2013 Ford C-Max Energi Reviews

Discussion in 'Prius, Hybrid, EV and Alt-Fuel News' started by Sergiospl, Nov 15, 2012.

  1. austingreen

    austingreen Senior Member

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    Thanks for that picture. The review I read said the seat folded flat, but they must have confused it with the hybrid. That does make it less useful for many items.
     
  2. 2006_HK

    2006_HK First Hybrid

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    This forum is a bit funny. A few people seem to be big fans of Ford while others are rooting for Toyota. Competition between Ford and Toyota hybrids might be good for consumers but I am not sure about the respective fans here in PC. Oh yeah, there is a third group of people who think that Volt is the best of all (it may well be). ;)

    IMHO, the best way to promote a particular brand/manufacturer is to drive its cars.
     
  3. Sergiospl

    Sergiospl Senior Member

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    We look for the good, the bad and the bottom line of competing hybrids/plug-in hybrids, keeping an eye on their mpg claims. There is nothing new in the Prius family this year. Ford on the other hand, for 2013 has a new C-Max hybrid, C-Max energi, Fusion hybrid, Fusion energi. We may need to keep an eye on members here who are not loyal in order to prevent defection.:D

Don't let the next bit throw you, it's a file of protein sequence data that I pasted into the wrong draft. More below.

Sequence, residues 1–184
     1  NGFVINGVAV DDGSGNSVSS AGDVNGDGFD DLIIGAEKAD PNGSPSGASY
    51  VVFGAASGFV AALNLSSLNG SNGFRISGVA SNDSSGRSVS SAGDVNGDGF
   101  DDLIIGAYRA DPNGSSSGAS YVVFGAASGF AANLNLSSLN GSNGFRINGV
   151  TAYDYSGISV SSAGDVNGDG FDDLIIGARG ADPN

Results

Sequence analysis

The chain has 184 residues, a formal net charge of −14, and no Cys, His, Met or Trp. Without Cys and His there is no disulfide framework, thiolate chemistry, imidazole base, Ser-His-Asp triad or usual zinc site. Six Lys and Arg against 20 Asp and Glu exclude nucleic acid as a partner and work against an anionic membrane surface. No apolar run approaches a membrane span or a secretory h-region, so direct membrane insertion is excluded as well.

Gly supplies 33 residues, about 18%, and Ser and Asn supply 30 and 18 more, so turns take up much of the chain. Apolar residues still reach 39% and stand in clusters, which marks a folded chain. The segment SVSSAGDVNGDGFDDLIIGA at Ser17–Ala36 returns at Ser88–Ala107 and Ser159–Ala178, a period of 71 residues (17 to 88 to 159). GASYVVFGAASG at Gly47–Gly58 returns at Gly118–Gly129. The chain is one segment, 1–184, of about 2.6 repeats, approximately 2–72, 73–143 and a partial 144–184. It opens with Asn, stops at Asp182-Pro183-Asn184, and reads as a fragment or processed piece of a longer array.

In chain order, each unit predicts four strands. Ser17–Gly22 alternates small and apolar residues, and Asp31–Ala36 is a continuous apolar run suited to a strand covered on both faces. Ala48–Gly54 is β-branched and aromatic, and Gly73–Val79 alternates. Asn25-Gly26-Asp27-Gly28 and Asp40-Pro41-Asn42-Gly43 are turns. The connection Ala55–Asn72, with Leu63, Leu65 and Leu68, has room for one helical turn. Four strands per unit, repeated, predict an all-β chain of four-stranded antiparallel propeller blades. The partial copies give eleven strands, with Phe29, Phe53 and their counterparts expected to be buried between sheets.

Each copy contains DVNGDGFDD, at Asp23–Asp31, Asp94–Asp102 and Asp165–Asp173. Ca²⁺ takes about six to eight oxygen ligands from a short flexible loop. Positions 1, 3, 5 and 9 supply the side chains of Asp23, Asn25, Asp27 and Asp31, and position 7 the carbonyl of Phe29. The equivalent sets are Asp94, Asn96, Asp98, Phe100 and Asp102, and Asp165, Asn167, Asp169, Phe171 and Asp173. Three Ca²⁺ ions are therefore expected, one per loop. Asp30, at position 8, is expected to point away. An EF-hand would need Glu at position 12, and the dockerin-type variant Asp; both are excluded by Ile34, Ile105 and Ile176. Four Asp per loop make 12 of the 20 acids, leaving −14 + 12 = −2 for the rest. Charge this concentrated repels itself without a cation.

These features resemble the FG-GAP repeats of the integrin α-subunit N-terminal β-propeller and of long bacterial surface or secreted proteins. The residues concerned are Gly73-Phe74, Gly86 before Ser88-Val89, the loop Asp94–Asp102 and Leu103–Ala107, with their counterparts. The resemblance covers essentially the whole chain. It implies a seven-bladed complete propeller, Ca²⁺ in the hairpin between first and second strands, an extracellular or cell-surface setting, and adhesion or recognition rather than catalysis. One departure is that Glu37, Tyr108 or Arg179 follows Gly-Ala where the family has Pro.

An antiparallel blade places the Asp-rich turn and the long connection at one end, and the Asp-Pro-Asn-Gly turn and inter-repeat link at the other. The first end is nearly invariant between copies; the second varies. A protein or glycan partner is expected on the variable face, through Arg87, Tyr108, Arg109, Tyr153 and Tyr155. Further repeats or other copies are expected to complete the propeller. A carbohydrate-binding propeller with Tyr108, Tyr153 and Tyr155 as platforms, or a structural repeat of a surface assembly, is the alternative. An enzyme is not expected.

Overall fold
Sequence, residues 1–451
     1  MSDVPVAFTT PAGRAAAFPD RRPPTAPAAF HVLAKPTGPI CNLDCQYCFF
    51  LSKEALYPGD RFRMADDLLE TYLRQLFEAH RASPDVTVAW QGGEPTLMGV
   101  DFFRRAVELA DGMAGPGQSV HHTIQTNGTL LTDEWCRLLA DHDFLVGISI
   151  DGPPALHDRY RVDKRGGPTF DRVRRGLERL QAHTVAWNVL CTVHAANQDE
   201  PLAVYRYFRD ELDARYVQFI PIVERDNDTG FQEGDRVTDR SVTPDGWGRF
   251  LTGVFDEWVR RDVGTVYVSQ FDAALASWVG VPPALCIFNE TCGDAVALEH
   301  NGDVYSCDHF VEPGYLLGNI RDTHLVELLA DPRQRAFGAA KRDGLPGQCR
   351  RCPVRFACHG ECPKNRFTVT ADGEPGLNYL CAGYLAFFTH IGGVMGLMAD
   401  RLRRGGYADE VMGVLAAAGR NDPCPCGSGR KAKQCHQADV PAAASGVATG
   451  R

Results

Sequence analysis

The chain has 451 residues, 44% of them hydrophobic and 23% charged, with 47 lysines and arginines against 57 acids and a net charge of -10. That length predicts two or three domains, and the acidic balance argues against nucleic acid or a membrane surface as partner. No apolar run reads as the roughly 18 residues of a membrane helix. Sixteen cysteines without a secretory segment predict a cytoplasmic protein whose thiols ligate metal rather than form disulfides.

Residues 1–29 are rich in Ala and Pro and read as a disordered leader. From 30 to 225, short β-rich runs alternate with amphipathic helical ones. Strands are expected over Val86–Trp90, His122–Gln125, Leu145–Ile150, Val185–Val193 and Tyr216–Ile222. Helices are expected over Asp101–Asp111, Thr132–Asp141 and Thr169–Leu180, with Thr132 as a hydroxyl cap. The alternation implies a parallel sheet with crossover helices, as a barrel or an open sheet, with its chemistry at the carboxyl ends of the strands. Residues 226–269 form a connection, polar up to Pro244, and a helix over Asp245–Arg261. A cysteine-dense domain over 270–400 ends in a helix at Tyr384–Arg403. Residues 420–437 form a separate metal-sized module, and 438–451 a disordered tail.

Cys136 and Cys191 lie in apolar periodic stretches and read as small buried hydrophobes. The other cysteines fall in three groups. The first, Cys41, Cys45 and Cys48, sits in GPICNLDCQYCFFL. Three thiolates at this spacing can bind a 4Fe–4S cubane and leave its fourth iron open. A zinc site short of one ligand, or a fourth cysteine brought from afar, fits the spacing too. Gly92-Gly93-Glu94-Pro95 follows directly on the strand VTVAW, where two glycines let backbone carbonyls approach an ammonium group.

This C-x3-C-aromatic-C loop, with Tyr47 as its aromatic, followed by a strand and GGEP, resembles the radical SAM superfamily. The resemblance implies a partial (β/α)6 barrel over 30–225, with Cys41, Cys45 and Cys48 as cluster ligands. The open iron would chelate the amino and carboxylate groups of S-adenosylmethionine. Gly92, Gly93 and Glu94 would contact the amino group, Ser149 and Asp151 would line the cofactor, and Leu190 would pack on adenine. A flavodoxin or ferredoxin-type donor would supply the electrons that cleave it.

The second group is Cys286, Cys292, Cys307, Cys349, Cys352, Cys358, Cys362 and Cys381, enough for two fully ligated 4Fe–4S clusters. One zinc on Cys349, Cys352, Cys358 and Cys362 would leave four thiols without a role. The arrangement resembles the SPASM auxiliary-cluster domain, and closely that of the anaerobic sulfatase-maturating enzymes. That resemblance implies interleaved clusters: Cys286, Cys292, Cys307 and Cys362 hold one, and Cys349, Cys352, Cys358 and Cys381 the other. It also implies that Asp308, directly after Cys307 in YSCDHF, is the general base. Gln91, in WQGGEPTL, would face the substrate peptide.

4. austingreen

    austingreen Senior Member

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    I saw a couple of bugattis in town. I'm sure they will take a turn on SH130 to see how fast they can go:) When people are questioning whether the c-max can do 21 miles aer? I'm thinking sure if you drive it like a prius it will get more. Now those bugattis, I'm sure they won't get anywhere close to 10 mpg. No one is going to try to be efficient in a veyron.

    The fusion and c-max energis and the tesla S are the new kids on the less gasoline block. I feel like we should give each of them a fair look. For those loyalists, maybe they will push toyota in the right direction. The fusion energi and tesla S are on top of my list for cars I may actually buy, but I'm not sure about that first years production, and my prius is only 3 years old.